There are few Americans listed in the forms but dozens of Europeans citizens from countries like Britain, Germany and France. Most are from the Middle East. A handful of media outlets have reported receiving either the same or similar documents of late. German authorities are reportedly in possession of such files as well and believe them to be genuine. An official in Jordan — a key U.S. ally on the border with Syria — told BuzzFeed News that its government had likewise reviewed the same or similar data and was convinced of the veracity of most, if not all, of it. Due to the sensitive nature of the subject, he spoke on condition of anonymity.
The dates of entry in the cache stretch only to the second half of 2014. A U.S. official suggested that the information had been obtained by Western governments long before its publication. “The reports may be news to some in the West, but not everyone,” he said, also speaking on condition of anonymity.
He added that the information appeared to support previous U.S. assessments of ISIS’s recruitment efforts. “Following [ISIS]’s emergence and heavy investment in propaganda, the group was able to draw a large share of foreign fighters traveling to the conflict in Syria,” he said.
According to U.S. estimates, he added, more than 38,000 foreign fighters have traveled to Syria, and the group currently has between 19,000 and 25,000 fighters of all nationalities in its ranks.
The information in the documents is just a partial picture of that human tide.
And the murky path the documents have traveled highlights the difficulty of finding real information on the secretive extremists.
The source who provided the documents to BuzzFeed News, a Syrian activist, said he first received them in mid-December from a contact with connections in Raqqa, the capital of ISIS’s self-styled caliphate. He alerted BuzzFeed News to the cache in January but made clear that they could be obtained only with a sizable cash payment. BuzzFeed News has a policy against paying sources for information, which most media outlets consider unethical. After information about the cache of documents was published last week, the source agreed to provide it for free.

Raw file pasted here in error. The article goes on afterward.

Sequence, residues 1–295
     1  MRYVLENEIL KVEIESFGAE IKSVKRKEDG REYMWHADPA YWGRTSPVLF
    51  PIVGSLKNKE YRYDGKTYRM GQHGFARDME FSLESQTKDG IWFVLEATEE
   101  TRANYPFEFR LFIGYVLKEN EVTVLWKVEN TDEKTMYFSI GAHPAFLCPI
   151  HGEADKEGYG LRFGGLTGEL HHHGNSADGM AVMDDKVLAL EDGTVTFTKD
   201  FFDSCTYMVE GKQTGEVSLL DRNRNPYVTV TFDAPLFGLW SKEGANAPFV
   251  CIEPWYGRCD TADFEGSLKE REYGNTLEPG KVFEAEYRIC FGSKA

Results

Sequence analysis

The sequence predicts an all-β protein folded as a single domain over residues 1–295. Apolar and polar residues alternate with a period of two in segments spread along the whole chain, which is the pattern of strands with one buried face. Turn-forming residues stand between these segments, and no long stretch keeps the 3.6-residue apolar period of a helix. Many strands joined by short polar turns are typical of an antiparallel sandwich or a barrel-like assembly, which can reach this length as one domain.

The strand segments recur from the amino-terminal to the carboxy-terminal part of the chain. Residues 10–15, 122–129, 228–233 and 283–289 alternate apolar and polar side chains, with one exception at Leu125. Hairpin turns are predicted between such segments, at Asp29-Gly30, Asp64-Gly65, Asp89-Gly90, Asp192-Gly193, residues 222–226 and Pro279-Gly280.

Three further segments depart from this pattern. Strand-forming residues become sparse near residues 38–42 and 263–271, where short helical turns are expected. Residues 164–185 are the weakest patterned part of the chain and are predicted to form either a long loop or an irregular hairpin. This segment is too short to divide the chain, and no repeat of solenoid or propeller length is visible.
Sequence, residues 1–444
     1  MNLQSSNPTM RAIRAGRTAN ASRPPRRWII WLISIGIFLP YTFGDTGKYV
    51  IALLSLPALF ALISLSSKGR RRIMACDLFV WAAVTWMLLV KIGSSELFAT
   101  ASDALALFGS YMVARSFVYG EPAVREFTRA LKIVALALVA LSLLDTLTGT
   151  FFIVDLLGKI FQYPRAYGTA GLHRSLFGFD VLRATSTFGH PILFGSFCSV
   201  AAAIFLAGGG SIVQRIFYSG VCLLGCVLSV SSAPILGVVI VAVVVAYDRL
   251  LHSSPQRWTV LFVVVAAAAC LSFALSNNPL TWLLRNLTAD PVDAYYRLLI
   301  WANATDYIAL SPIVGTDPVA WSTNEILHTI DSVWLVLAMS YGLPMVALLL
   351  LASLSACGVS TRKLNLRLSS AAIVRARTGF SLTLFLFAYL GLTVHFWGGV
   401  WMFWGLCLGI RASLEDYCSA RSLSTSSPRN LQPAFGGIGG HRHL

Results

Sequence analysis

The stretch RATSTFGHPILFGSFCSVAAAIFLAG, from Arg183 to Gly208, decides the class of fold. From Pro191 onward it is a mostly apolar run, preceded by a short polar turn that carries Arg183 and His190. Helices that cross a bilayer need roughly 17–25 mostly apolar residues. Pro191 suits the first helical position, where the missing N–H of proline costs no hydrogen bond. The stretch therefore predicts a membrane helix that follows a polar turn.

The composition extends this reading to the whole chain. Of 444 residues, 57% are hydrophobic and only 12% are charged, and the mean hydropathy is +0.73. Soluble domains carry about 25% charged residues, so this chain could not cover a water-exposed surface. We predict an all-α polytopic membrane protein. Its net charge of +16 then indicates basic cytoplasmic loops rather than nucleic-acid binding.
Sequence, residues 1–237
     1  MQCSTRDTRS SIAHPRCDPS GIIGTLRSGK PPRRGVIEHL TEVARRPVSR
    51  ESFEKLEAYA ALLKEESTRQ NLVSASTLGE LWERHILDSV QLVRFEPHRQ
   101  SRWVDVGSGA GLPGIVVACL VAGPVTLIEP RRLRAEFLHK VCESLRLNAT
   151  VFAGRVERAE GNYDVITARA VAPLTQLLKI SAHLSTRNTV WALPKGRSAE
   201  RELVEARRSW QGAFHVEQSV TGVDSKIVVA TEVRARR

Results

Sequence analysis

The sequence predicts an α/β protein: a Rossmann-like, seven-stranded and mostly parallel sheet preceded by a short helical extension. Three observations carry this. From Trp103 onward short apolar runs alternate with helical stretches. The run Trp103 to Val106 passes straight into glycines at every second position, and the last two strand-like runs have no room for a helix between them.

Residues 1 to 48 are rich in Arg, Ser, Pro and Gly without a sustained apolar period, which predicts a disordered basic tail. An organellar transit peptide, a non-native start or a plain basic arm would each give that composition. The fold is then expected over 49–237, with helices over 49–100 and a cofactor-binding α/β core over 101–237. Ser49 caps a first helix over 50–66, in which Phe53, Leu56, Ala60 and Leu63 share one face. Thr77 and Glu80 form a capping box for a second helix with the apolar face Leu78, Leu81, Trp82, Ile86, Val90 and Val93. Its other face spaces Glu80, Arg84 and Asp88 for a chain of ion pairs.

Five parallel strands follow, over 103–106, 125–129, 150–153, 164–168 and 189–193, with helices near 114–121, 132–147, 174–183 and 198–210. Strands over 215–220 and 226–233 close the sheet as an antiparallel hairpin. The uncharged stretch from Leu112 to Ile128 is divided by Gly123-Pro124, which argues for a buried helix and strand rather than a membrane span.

Fathi Bayoud, editor of the Syrian news site Zaman al-Wasl, said he received a similar cache in mid-December from his own source with connections in the ISIS capital. He believed they had been leaked by a mole within ISIS, he said. The site began to publish news of the documents and samples of the forms the next month. He said that multiple people appeared to have been attempting to sell the documents to journalists in recent weeks. “It’s like a business now,” he said, adding that international news outlets had contacted him with offers to purchase his cache.
His cache contained 22,000 documents in total, Bayoud said. But within them were many duplicates and only some 2,200 unique names that he considered to be credible. “These forms are important because they represent the first lines of the organization,” he said.
Aaron Zelin, a fellow at the Washington Institute for Near East Policy who specializes in jihadi groups, reviewed the cache obtained by BuzzFeed News and said the documents underscored “the obsessive bureaucracy” instituted by ISIS. Many of its leaders are veterans of the security services of former Iraqi dictator Saddam Hussein, apparently intent on continuing his regime’s attention to paperwork.
The cache bore similarities to a trove famously captured by U.S. troops outside the Iraqi town of Sinjar a decade ago, Zelin added. In those documents, al-Qaeda in Iraq, the predecessor to ISIS, had meticulously documented the arrival of thousands of foreign volunteers to fight the U.S.-led occupation of Iraq.
Aymenn al-Tamimi, a researcher at the Middle East Forum who has compiled an extensive archive of internal ISIS documents, said the data from the cache appeared to be genuine. Yet the forms themselves showed inconsistencies with previous ISIS leaks, he said, such as a logo at the bottom that has never appeared before. The paperwork also lacked the stamps often featured on the group’s internal documents. He said this could mean that they were computer files copied and pasted onto the template of the forms after the fact, possibly with an eye to marketing them.
As for how the leaks might affect ISIS, one recent defector from the group, who had worked as a member of its internal security arm, said he thought his old colleagues might think on the bright side: “ISIS doesn’t care about their fighters, they only care about their [leaders] and security officials, and they don’t write their names in the documents,” he said. “They want to keep their fighters on the battlefield — and now they can’t even think to defect.”
With additional reporting by Maged Atef in Cairo and Sheera Frenkel in San Francisco.